Prohibition-era mobsters collide with Underground Railroad abolitionists in The Jazz Cage.
It is 1924—sixty years after the South’s victory in the Civil War.
Frank McCluey, bounty hunter for the mob, is sent to help out a wealthy Virginian bootlegger. Frank’s job: track down two female slaves who’ve run away from the millionaire.
But the mob has made a bad choice. Instead of capturing the women, Frank decides to help them escape to Canada, his mission now aided by the pint-sized but steel-willed runaway Della and the outlawed Underground Railroad.
Soon Della and Frank become the target of slave catchers, cops, gangsters, and most chilling of all, a Confederate agent nicknamed the Hound for his ability to always sniff out and kill his prey. - Goodreads
*May Contain Spoilers*
In Ray Chen Smith's novel, The Jazz Cage, the history learned in class isn't how The Civil War ended and slavery was never abolished. Now it's the twenties with twisted territories and two young slaves, Della and Cece, are trying to escape their owner. Enter Frank, used-to-be gangster who's determined to do right or die.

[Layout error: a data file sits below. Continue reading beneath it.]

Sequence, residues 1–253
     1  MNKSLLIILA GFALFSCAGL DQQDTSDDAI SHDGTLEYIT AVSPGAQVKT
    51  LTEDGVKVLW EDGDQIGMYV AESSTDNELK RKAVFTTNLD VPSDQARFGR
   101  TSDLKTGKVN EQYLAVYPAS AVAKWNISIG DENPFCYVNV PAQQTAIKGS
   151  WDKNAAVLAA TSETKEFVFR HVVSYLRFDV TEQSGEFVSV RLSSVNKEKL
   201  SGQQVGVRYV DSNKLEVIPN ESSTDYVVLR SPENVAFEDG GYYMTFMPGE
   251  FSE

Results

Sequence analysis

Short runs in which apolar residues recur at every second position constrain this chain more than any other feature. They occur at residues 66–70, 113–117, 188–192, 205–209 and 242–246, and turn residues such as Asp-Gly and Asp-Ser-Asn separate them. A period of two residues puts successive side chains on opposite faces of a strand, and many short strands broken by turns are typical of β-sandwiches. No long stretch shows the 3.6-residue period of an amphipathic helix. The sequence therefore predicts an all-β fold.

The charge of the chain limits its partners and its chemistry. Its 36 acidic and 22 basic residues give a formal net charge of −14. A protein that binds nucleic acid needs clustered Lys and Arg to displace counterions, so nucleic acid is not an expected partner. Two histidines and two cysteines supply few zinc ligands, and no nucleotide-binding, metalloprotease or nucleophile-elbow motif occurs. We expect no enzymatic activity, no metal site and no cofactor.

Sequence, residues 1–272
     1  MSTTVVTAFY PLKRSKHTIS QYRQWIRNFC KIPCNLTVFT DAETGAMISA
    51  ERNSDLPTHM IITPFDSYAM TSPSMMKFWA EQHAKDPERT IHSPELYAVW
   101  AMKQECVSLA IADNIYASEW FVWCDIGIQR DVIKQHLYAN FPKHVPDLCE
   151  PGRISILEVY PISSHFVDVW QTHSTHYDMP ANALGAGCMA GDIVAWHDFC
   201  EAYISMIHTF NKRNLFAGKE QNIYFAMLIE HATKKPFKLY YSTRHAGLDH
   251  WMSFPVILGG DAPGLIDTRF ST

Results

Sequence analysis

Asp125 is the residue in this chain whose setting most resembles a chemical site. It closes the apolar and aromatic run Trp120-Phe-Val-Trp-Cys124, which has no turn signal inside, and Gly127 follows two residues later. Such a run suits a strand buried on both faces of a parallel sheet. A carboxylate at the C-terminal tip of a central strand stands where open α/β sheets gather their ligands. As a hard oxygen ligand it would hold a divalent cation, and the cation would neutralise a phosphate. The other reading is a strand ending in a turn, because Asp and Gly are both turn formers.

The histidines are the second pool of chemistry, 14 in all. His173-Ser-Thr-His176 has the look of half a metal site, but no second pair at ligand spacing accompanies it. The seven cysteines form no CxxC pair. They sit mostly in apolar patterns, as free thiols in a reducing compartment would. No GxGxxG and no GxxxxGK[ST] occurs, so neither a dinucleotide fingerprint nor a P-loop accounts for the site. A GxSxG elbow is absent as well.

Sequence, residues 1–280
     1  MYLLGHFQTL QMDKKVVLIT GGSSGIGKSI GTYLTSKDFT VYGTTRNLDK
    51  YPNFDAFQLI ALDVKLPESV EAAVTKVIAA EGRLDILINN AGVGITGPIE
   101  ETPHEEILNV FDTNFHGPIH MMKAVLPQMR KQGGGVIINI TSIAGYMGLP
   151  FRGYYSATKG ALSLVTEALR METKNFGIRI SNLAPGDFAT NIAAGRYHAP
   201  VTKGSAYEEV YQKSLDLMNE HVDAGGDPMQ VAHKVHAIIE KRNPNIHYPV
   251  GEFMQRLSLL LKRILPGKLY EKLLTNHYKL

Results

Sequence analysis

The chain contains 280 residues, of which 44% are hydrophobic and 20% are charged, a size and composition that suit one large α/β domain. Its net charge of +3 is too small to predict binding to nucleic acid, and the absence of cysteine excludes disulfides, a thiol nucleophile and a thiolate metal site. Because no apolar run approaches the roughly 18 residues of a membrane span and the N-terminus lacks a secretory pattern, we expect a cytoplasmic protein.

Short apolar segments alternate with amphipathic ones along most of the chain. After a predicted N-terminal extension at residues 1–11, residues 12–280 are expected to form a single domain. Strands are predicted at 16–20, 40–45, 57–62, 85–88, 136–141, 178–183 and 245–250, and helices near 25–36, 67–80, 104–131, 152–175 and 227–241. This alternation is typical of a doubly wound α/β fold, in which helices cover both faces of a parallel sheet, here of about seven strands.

The entire novel is like a compilation of scenes from a diary. Smith's writing puts readers directly in the thick of the action. And it never lets up. Readers will feel as if they are living history through the words on the page as the plot line carries them through the South and up into the North, trekking toward freedom with Della and Cece.
The main thing I loved about this book: the obstacles that Smith put in front of Della, Cece, and Frank. When trouble was catching up with the three freedom searchers, Smith didn't shy away from the situation or cheat his way through. Smith matched up the fugitives and those tracking them, letting it all play out, describing every second of the action. I have to give kudos because the characters ended up in increasingly tight spots all the way until the end.
And the characters themselves were amazing. Each person had their own problems, past, quirks, flaws, and personality traits. It was astounding to observe the characters, who were so different from each other, interact and work together toward a common goal. Della was definitely my favorite character. She's the woman who doesn't know her own strength but discovers it in her own moment of weakness. I loved her rambunctious personality and her ability to care for others more than herself.
Although the beginning of The Jazz Cage seemed a little slow, it picks up and races along at dangerous speeds. And after about 3/4 of the novel, I doubt any reader will be able to put it down until the last period. Great, satisfying read.
rating: 4/5 cups
Note of Source: From the author for review